On Dec. 17, the night before the full House would debate and vote on Trump’s impeachment, Pelosi met behind closed doors with top caucus members on the Democratic Steering and Policy Committee. She hinted, for the first time, that she was contemplating a curveball: declining to immediately transmit the impeachment articles to the Senate after the House passed them. “The rule empowers the Speaker to be able to decide how to send the articles and when to send the articles over to the Senate,” she said, according to an aide who was in the room. “My view is we don’t know enough about what they are going to do. We want to see what [is] their level of fairness and openness and the rest.”
Pelosi, according to an aide, had been mulling the tactic since she heard former Nixon White House counsel John Dean float the idea on CNN on Dec. 5. In the committee meeting, she added that she believed McConnell would be motivated to move. “Somebody said to me today that he may not even take up what we send. [But] then [Trump] will never be vindicated,” she said, according to the aide in the room. “He will be impeached forever. Forever. No matter what the Senate does.”
The following day, Pelosi presided over the floor vote on impeachment, wearing a striking black suit to project solemnity, accessorized with a large gold brooch of the Mace of the Republic, a symbol of the House. When scattered cheers broke out inside the chamber after the first article was approved, she sternly and silently shushed them with a glare and a sharp gesture. After the vote, she announced that she did not plan to transmit the articles right away, saying she could not determine how to appoint House impeachment managers until the Senate decides on its rules for the trial.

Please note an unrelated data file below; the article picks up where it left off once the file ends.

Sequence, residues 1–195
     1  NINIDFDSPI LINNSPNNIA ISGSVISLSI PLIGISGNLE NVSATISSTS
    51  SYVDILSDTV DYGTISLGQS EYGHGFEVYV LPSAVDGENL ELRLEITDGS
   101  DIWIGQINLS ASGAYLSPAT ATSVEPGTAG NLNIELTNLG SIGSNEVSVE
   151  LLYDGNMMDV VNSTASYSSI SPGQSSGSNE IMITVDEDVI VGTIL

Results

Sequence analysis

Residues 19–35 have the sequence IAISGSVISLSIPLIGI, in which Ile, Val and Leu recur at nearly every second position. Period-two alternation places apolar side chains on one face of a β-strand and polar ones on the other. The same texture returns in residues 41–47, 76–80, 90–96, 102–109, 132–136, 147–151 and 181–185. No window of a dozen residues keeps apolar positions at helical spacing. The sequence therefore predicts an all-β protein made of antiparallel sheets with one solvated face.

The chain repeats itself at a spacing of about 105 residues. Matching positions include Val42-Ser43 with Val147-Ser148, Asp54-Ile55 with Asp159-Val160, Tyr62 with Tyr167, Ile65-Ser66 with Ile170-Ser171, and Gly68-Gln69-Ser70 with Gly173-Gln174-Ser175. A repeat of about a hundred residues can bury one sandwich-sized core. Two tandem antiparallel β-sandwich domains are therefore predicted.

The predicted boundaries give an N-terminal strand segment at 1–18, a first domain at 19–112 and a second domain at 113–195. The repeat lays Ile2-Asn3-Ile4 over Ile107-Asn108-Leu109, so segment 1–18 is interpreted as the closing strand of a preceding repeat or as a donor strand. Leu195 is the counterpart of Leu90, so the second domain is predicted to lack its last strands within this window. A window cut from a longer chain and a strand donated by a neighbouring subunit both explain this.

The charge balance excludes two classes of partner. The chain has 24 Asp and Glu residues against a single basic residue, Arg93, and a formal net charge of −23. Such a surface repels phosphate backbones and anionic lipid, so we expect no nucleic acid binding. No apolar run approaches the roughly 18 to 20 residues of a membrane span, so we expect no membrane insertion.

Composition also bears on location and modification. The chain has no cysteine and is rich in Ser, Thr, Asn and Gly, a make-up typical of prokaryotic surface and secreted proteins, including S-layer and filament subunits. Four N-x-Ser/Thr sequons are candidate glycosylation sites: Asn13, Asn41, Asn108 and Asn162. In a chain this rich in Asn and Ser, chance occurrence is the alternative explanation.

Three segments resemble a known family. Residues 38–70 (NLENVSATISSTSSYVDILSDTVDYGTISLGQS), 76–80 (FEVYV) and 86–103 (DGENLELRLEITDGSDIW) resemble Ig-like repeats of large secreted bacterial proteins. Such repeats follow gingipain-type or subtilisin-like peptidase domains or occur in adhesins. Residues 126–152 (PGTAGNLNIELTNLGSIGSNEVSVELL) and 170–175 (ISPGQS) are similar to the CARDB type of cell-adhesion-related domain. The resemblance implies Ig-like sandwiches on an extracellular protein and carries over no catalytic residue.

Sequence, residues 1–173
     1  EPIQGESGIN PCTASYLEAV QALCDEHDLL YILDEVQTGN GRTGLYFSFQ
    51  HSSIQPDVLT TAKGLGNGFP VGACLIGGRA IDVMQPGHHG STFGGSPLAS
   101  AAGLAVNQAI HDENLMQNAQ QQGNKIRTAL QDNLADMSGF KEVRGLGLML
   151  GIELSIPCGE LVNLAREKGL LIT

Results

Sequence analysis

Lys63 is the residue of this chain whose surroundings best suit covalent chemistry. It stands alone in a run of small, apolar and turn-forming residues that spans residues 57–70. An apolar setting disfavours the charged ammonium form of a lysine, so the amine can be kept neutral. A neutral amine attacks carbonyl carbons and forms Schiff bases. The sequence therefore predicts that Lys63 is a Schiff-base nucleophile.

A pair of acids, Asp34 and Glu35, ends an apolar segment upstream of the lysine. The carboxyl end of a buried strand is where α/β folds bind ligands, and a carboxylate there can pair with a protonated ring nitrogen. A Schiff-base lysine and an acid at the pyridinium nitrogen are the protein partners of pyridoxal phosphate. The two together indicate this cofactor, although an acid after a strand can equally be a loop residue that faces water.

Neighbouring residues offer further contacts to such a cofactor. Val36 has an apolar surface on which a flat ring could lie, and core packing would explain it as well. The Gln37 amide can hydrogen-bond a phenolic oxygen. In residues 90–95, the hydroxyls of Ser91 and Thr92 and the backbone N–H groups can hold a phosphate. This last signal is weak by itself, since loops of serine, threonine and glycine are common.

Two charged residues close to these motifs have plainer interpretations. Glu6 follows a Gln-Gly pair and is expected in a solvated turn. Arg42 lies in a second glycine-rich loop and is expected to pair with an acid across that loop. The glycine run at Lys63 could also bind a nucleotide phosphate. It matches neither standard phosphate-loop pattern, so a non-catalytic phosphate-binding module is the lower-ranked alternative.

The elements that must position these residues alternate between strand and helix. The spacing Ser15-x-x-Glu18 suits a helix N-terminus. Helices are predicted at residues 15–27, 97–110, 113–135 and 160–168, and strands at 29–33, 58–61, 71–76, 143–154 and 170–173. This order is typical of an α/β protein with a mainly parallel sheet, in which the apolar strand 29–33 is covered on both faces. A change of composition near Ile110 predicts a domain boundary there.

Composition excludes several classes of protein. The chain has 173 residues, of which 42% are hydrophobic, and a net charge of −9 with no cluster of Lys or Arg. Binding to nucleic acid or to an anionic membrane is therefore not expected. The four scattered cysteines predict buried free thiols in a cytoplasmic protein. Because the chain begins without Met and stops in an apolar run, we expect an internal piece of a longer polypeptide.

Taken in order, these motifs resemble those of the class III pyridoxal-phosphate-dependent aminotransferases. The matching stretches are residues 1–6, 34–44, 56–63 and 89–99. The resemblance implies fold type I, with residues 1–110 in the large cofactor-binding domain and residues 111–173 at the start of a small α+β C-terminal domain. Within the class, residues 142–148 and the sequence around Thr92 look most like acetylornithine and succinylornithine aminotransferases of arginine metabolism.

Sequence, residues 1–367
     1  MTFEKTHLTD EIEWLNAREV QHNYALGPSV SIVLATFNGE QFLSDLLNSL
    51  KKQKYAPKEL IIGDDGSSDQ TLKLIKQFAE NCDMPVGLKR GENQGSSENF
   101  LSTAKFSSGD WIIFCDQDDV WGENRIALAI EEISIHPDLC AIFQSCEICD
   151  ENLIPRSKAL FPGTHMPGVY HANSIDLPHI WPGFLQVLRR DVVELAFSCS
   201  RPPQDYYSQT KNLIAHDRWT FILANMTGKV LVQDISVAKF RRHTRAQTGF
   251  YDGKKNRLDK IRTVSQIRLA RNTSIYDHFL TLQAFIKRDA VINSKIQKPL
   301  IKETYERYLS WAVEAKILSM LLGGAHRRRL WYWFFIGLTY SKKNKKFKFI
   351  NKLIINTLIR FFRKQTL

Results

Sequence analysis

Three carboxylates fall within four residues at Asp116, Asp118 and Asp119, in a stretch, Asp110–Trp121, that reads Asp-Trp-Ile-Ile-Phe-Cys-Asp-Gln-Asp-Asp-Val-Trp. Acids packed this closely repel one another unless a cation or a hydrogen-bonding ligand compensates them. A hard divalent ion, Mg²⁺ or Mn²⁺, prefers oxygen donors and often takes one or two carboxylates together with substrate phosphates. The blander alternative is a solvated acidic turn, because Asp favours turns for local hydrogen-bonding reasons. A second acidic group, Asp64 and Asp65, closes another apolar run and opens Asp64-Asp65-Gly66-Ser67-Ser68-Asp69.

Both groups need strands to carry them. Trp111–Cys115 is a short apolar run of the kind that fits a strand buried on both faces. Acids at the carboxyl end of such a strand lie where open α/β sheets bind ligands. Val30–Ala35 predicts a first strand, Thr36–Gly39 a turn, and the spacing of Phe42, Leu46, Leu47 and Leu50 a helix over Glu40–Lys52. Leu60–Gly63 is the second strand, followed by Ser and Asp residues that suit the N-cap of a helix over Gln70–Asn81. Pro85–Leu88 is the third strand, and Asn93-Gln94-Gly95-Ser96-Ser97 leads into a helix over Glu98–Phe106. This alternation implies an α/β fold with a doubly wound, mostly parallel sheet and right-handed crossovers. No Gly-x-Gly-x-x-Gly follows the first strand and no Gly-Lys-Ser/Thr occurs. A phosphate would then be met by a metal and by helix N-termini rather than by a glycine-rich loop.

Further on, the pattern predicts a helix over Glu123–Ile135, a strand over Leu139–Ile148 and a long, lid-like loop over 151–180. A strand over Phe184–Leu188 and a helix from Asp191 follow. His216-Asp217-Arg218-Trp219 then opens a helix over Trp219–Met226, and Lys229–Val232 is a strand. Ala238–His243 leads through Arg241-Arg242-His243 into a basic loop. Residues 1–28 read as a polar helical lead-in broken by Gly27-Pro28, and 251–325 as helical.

McConnell has mocked the idea that Pelosi or Schumer can shape the Senate trial to their liking. But he’s also said he won’t start it until Pelosi sends the articles, and it’s clear from Trump’s tweets and statements that the unresolved situation bothers him. Moreover, the delay is allowing facts to emerge. Over the two-week holiday break, newly unredacted emails showed Pentagon officials worrying about the legality of Trump’s effort to withhold military aid from Ukraine. And on Jan. 6, former National Security Adviser John Bolton, potentially a key witness to Trump’s alleged actions toward Ukraine, announced he would testify before the Senate if subpoenaed. On Jan. 7, McConnell announced that he had enough Republican votes to begin the trial, and Democrats in both chambers appeared to be getting restless–but still Pelosi refused to budge.
The gambit is reminiscent of another Pelosi maneuver designed to exploit Trump’s insecurities. Pelosi retook the speakership a year ago amid a government shutdown triggered by Trump’s demand for border-wall funding. She refused to negotiate on the matter until the government reopened. As the stalemate dragged on, Pelosi seized on an unexpected source of leverage: she postponed Trump’s State of the Union address to Congress, knowing that he prized it as a televised set piece showcasing his power.
Then she stubbornly waited out her adversary. “The President tried to break us in January  by throwing us into a government shutdown at the same time we were transitioning into the majority,” says Hakeem Jeffries, a Democratic Congressman from New York who serves as caucus chairman. “We held together, and instead of breaking us, we broke him. It ended in unconditional surrender.”